The Link Between Primary Health Care and Health Outcomes for Aboriginal and Torres Strait Islander Australians

Maari Ma Health Aboriginal Corporation, New South Wales

This review explores the evidence both domestically and internationally as to whether access to high quality primary health care is essential to enhancing Indigenous health status.

Page last updated: June 2008

In the mid-1990s, an innovative model of Aboriginal primary health care service provision began in the far west of NSW. In the light of continuing concerns about ill health and the need for better primary health care, the local community established an independent Aboriginal organisation (later to become Maari Ma) to deal with ‘health business’. Rather than set up a stand-alone Aboriginal Medical Service the community in the far west decided to develop an integrated model of primary health care delivery with the health services provided in the region by the NSW Health Department’s Area Health Service.

The collaborative approach (involving Maari Ma, the Greater Western Area Health Service, and funds from the Commonwealth for a coordinated care trial in the region) allowed Maari Ma to provide management for Health Services in the areas outside Broken Hill, while the Area Health Service provided various bureau services to Maari Ma and funding for three positions in the management team.

While generating some controversy at the time of the original agreement, the organisational interdependence provided protection against having to divert too much early effort into running a standalone organisation and allowed a continuing focus on core business.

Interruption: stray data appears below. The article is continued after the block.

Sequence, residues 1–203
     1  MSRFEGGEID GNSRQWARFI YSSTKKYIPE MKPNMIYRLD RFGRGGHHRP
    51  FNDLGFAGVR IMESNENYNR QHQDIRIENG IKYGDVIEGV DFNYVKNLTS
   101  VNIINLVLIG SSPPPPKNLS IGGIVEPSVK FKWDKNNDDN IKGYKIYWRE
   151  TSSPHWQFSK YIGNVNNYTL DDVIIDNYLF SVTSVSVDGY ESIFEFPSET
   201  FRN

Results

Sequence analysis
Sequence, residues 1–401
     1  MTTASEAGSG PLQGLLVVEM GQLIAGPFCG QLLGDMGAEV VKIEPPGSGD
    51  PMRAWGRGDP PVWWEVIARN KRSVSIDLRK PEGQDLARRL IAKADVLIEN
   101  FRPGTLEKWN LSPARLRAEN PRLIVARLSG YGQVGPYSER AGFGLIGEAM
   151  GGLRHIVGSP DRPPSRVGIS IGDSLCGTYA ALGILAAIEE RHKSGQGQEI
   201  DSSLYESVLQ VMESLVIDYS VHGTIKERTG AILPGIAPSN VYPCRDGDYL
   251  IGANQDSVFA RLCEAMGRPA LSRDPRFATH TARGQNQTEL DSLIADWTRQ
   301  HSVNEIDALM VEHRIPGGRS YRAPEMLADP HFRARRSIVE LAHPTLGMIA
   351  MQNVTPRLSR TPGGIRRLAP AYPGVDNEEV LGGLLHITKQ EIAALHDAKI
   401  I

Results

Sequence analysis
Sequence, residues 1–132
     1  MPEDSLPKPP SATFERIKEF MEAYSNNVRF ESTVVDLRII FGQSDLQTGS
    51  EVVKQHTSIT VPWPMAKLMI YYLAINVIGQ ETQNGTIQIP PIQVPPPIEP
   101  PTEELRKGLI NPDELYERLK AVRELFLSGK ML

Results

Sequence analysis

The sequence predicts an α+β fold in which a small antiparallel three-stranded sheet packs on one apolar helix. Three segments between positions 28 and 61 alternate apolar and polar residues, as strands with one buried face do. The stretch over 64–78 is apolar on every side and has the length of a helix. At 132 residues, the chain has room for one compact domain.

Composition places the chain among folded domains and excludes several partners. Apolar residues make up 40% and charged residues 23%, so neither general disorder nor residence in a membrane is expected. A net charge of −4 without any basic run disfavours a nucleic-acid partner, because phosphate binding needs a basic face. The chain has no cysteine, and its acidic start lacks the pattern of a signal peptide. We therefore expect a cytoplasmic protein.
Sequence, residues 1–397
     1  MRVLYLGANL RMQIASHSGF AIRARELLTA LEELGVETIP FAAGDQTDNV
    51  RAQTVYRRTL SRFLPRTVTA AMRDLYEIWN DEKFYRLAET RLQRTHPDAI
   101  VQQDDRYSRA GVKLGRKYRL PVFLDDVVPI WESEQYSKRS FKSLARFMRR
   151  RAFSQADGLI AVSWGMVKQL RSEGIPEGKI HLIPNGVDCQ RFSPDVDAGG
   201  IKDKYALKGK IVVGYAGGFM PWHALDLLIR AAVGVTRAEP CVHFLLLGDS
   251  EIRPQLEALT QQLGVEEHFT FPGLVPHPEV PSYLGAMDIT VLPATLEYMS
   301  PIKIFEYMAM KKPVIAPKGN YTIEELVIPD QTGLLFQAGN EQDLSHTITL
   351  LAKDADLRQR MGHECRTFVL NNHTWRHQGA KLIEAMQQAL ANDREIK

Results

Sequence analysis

A recent evaluation of the agreement, ten years after it was signed, found that the result had been increased funding for Aboriginal primary health care and consequent greater primary health care activity.132 A number of health indicators show some improvement – although, as in most of these local cases, it is difficult to be absolutely certain of the extent to which these were the result of improved primary health care.


  • Improvements in access to antenatal care in the first 20 weeks of pregnancy
  • improvements in vaccine preventable hospitalisations
  • improvements in proportions of premature birth and low birth weight
  • reduced rate of acute ambulatory care preventable hospitalisations

Contributing factors

  • Increased investment by State and Commonwealth in primary health care:
- increased primary health care activity levels
  • Indigenous management of ‘mainstream’ health delivery
  • employment of Aboriginal staff:
- development and recruitment of Aboriginal Health Workers
- innovative and appropriate training programs
  • engagement of community leaders in mainstream health system development and delivery
  • evidence based programs to improve health service response to key priorities:
- maternal and child health
- prevention and management of chronic disease
- coordinating with other sectors to address social determinants of health

132 Griew, R. and S. Houston (2007). Review of Management Agreement between Maari Ma Health Aboriginal Corporation and Greater Western Area Health Service. Greater Western Area Health Service, Unpublished Report